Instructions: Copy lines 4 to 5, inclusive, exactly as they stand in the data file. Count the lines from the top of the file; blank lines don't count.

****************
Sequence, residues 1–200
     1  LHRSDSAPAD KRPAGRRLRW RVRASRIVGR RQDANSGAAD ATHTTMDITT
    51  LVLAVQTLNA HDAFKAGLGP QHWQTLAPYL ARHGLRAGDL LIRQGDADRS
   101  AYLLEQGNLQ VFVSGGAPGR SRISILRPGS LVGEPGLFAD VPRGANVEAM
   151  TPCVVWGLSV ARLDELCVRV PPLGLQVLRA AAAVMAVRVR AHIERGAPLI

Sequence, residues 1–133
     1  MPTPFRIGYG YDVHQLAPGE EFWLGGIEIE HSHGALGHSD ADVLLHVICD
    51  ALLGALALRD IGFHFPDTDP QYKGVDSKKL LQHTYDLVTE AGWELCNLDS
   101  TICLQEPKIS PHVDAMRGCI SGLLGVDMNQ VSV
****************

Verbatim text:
   101  AYLLEQGNLQ VFVSGGAPGR SRISILRPGS LVGEPGLFAD VPRGANVEAM
   151  TPCVVWGLSV ARLDELCVRV PPLGLQVLRA AAAVMAVRVR AHIERGAPLI